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Fencing with the heads



Fencing with the heads (köpkes) – Ger Janssen


Due to the hinder and deterioration of the Keizerstraat, the Dominican Fathers decided to place a fence next to the Dominican Church in the late 20th century. The creator of the fence, artist Ger Janssen,together with the workgroup ‘Floddergats’ which was set up to complete the fence, looked for a way to give the fence even more allure. Janssen decided to humorously incorporate the Dialect of Venlo into the fence by means of Venlo personifications, by using bronze heads (köpkes), and human and animal figures.

There are also reliefs depicting old sayings from Venlo and rotating ornaments on which typical Venlo texts can be read. Children’s games are depicted on the piers.

Janssen worked on the project for some 20 years; his probably last work for the fence was placed in 2020 and is a relief showing a jester kicking the coronavirus in the butt. The title of the relief is ‘De klets e weg’, which is the Venlo word for having a cold and thus symbolic for corona. The köpkes have real Venlo names like Bäökmoel, Potflaaj, Slaajlip, Kieskedie, Strónsmadam, Toegeneide, Greek, Waerheks and Gladjanus. Generally not flattering nicknames for a person. Between the köpkes are Janus heads, images with two faces. They represent the good and the bad.


The artist: Ger Janssen


The work of Venlo artist Ger Janssen is characterised by diversity. After completing his training at the StadsAcademie voor Toegepaste Kunsten in Maastricht, and a brief career in the advertising world, he chose to work for himself and let his imagination run wild.

After working as an illustrator for a long time, Janssen was offered the opportunity to design a bronze statue for the Dominican Church (now Domani) in Venlo. From then on,  the creation of bronze sculptures became his main focus.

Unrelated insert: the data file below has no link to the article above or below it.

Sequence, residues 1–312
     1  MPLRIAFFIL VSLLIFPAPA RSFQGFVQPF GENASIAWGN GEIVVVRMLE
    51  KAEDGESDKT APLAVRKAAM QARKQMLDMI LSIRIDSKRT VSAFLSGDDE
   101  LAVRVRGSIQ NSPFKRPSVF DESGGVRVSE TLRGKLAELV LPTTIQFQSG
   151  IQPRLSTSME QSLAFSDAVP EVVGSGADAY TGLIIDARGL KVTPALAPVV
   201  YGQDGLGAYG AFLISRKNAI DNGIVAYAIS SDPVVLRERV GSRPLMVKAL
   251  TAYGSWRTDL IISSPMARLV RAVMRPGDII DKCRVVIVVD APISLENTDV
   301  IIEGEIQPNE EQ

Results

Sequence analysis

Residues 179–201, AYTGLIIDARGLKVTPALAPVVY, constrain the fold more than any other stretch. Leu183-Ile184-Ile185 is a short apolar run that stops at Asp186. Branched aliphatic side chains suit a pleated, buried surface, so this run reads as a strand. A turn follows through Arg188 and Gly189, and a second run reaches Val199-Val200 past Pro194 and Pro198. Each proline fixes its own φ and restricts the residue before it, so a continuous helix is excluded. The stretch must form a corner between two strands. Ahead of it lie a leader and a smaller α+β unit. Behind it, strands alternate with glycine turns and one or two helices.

The sculptures speak for themselves; it is mankind in general that inspires Janssen in its movement and mimicry. Feelings become tangible in a pose, emotions are captured in a simple gesture.




The Keizerstraat is also called ‘Floddergats’ by the people of Venlo. That was back in the days when the part of the street between Ursulastraat and Nieuwstraat was still a narrow, muddy corridor. The street was constructed in 1652 and served from the Keulsepoort as access to the cloister quarter and the cloisters Mariaweide and Trans-Cedron located there. Originally, the street was called Kloosterstraat, although in the 17th century it was also called Enge Begijnengang. This changed after Emperor Napoleon and his retinue allegedly rode through the street in 1804. His horse supposedly lost a horseshoe there, and that horseshoe has always been preserved.

In the last decades of the 20th century, Keizerstraat was quite rundown and there was a lot of drug abuse and violence. The Dominican Fathers decided to limit this nuisance by placing a fence along the side of the Dominican chapel. Partially due to the efforts of housing corporation Woonwenz and a few entrepreneurs, the Keizerstraat has now changed into a pleasant and lively street where people like to walk around and stroll.